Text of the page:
Academic journal article Cross - Cultural Communication

Cultural Variation in Australia: Ethnicity, Host Community Residence, and Power-Distance Values

Academic journal article Cross - Cultural Communication

Cultural Variation in Australia: Ethnicity, Host Community Residence, and Power-Distance Values

Article excerpt


Effective communication within a multicultural society necessitates an understanding of how people's values might vary according to their cultural background and immigration history. Etic approaches to the study of culture have indicated that national cultures are differentiated on the dimension of power-distance. Power-distance refers to the degree of inequality or hierarchy that people believe to be appropriate in societal and organisational authority structures. Recently, researchers have begun to investigate power-distance at an individual level. However, psychologists have not yet investigated systematic variation in power-distance within multicultural communities. This study examined whether power-distance varies within Australian society according to race/ethnicity. Based on previous research, we hypothesised that systematic variation in power-distance values would emerge within a university sample surveyed in Sydney, Australia. Results indicated that participants' power-distance values varied across ethnic groups, but did not always correspond with power-distance indices of participants' reported racial/ethnic backgrounds, qualified by length of residence in Australia. The power-distance variations described in this paper are discussed in terms of their implications for multicultural communities, and in particular, the way that people of different ethnic backgrounds within Australian society comprehend and evaluate their interactions with authority figures, such as employers.

Key words: Acculturation; Power-distance; Cultural values


Effective communication in multinational or multicultural organisations requires an in-depth understanding of the ways in which cultural variation in personal characteristics and values affect people's interactions with one another, as well as their perceptions of authorities' behaviour and decision making (Chevrier, 2009). Psychologists have engaged in such in-depth study, documenting the ways in which value dimensions vary across cultures, as well as the behavioural consequences of this cross-cultural variation in value dimensions. In 1980, Hofstede collected data from over 100,000 participants in 40 countries, and developed a model that identified four primary value dimensions on which national cultures may be differentiated. They were: power-distance, individualism-collectivism, masculinity-femininity and uncertainty avoidance (Hofstede, 1980). Subsequent data collected from 23 countries resulted in the addition of a fifth value dimension: long-versus short-term orientation (Hofstede, 2001). Although those data may be considered relatively old, and while some have disputed the addition of the fifth value dimension (e.g., Fang, 2003), the comparative standings of cultures on the original Hofstede variables have remained generally stable for over twenty years (Hofstede «fe Peterson, 2000), with a recent meta-analysis incorporating 598 studies of these variables (Taras, Kirkman, «fe Steel, 2010).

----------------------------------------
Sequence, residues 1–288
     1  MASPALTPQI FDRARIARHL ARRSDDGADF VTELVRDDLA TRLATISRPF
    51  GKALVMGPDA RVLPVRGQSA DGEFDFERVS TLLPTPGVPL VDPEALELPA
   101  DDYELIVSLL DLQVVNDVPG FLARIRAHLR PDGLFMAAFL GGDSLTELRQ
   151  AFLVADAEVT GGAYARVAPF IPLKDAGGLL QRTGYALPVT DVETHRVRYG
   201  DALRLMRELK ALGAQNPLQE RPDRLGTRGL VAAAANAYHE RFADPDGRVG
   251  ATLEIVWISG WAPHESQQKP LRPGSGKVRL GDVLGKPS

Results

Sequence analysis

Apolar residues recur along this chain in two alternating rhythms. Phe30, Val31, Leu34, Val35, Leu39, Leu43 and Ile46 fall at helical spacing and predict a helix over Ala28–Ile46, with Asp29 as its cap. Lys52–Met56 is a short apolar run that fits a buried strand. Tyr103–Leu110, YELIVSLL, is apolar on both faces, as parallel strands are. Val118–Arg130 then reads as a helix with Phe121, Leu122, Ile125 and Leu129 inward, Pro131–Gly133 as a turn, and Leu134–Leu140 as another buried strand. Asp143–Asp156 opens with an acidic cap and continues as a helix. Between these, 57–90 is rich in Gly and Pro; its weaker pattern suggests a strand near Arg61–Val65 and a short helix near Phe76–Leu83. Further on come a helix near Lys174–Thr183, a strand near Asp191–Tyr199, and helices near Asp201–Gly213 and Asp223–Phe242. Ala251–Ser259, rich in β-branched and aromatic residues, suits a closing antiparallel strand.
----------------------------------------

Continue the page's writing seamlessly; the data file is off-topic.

Notably, the definitions of these cultural variables and relationships between them have grown increasingly complex with further research. For example, Gelfand, Triandis and Chan (1996) suggested that individualism and collectivism were not opposite poles of a continuum. Using multidimensional scaling, they found that participants perceived authoritarianism as the opposite of individualism, whereas collectivism was orthogonal to individualism. Furthermore, Triandis and Gelfand (1998) found theoretical and empirical support for the notion that individualism and collectivism are polythetic constructs, and can be more precisely defined in terms of horizontal and vertical individualism and collectivism. In recent years, the Hofstede (1980) dimensions have generated an enormous body of literature that has investigated these variables with increasing specificity.

Complexity is also increasing in the frequency and kinds of interactions between members of different cultural groups. …

Search by... Author
Show... All Results Primary Sources Peer-reviewed


An unknown error has occurred. Please click the button below to reload the page. If the problem persists, please try again in a little while.